‘Real and present danger’ - Kenny fears collapse of euro
TAOISEACH Enda Kenny has admitted his deep fears over the rapidly worsening eurozone crisis and the collapse of the euro.
Mr Kenny said the future of Ireland is at stake if European leaders fail to act decisively and prevent the spread of contagion.
"This is a matter of the highest concern and urgency," said Mr Kenny.
"There is a real and present sense of danger, with many openly suggesting that the very future of the currency as we know it is at stake."
He said he intends to table his own views and proposals at the next eurozone summit on December 9, which will include a greater reliance on the European Central Bank (ECB).
"The House will appreciate how damaging this continuing situation is for Ireland," added Mr Kenny.
"A stable eurozone is a vital national interest for Ireland and its future."
The Taoiseach said the ECB was Ireland's answer to the threat of contagion, which includes a potential second collapse of the national economy and, in a worst case scenario, the fall of the euro.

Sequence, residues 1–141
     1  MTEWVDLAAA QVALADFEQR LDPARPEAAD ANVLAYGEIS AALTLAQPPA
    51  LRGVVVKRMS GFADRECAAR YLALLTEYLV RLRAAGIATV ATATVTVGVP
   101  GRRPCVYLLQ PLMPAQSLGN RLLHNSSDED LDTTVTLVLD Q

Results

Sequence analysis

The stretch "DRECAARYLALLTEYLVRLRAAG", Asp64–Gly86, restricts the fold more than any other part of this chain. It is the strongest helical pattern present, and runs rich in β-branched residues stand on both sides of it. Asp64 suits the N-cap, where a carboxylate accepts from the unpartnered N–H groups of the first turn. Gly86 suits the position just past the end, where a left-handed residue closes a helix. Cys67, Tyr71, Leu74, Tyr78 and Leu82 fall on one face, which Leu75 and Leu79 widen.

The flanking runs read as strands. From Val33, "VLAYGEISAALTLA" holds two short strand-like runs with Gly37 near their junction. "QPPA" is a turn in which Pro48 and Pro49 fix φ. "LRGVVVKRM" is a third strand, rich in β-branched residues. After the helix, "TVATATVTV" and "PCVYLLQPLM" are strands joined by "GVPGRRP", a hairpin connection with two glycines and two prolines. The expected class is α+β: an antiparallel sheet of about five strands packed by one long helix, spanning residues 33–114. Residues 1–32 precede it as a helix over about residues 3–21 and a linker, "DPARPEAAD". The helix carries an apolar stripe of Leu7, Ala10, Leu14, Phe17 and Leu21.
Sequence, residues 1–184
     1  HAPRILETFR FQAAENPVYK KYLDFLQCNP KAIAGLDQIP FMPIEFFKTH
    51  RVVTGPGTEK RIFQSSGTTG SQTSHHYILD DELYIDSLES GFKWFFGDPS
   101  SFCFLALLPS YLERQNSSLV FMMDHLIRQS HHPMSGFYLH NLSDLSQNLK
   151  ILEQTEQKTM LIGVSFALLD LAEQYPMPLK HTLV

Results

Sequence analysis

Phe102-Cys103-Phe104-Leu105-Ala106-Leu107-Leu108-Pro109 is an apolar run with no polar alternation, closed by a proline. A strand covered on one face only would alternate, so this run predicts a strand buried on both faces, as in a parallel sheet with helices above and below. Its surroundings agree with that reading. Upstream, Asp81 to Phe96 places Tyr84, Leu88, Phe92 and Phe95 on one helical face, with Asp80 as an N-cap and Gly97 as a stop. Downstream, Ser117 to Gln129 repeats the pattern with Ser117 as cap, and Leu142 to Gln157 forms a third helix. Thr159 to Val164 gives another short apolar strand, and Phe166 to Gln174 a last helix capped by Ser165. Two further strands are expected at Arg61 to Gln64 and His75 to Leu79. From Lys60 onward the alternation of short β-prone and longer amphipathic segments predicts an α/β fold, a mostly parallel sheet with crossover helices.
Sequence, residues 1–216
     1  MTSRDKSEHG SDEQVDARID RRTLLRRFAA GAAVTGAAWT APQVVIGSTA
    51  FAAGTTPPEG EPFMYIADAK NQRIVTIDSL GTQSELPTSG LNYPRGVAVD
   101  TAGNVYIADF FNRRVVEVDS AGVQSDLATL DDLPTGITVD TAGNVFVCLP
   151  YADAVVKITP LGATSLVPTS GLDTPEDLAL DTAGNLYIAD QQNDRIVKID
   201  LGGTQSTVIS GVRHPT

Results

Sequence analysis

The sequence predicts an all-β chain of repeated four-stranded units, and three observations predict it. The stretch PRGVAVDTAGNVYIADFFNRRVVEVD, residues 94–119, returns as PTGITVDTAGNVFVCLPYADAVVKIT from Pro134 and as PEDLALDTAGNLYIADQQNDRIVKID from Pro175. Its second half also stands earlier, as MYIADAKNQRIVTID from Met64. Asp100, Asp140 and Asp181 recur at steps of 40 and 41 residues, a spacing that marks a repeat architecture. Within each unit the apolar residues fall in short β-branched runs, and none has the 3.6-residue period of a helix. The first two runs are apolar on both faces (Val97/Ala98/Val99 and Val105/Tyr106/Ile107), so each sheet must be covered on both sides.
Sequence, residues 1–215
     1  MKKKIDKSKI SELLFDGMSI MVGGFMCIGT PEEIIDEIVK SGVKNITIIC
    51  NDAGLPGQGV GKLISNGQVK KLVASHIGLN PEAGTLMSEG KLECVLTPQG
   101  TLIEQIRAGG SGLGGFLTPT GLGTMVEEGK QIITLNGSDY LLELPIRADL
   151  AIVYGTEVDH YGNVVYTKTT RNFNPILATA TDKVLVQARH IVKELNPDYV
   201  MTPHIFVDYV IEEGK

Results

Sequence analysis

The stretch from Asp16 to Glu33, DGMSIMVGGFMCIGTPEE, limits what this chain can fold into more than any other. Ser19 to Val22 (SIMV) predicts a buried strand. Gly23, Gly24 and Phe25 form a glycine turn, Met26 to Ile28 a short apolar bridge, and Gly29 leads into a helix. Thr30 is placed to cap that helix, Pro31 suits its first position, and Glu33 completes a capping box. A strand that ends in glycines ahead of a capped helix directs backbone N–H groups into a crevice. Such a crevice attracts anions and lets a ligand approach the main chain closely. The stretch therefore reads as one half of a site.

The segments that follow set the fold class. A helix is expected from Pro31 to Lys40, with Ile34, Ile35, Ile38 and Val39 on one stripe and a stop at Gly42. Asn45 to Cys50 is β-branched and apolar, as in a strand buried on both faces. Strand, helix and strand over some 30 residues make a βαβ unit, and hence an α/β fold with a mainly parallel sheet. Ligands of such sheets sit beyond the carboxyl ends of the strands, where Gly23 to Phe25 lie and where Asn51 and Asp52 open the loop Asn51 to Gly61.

"Our view as the Government here is very clear," he went on. "This problem must be dealt with politically and dealt with now."
The Economic and Social Research Institute (ESRI) revealed earlier that the economy will grow by only 0.9% next year - a steep reduction from its previously predicted 2.3%.
The report pointed out that Ireland may still be able to reach its fiscal targets but will find it more difficult to do so given the deepening crisis in Europe.
Fianna Fail leader Micheal Martin had accused the Taoiseach of keeping the Government in the dark over Ireland's contingency plans should the crisis turn into a catastrophe.
He said there had been no sense of Ireland putting forward any ideas or suggestions to Europe in previous summits.
"Can you confirm that the Government has plans for worst case scenario?" asked Mr Martin. "People are talking about a crisis turning into a catastrophe."
Mr Kenny insisted that he intends to make his voice heard in Europe when heads of state meet at the next major summit, when European Council President Herman Van Rompuy is expected to present a paper on easing the crisis.
"This is an issue of real concern to this country and every other country in the eurozone and beyond, even the US," said Mr Kenny.
"We've got views and I won't be afraid to discuss them when we get out there."
Mr Kenny added that other suggestions he intends to table will include some form of eurobonds and changes within the existing European treaties, explaining: "It is the ends and not the means that are critical here."
He added: "What we agree at the European Council must be credible and convincing in the eyes of the financial markets and credible in the eyes of the public.
"In my approach to the meeting I will be reminding colleagues that, economically, Ireland remains vulnerable."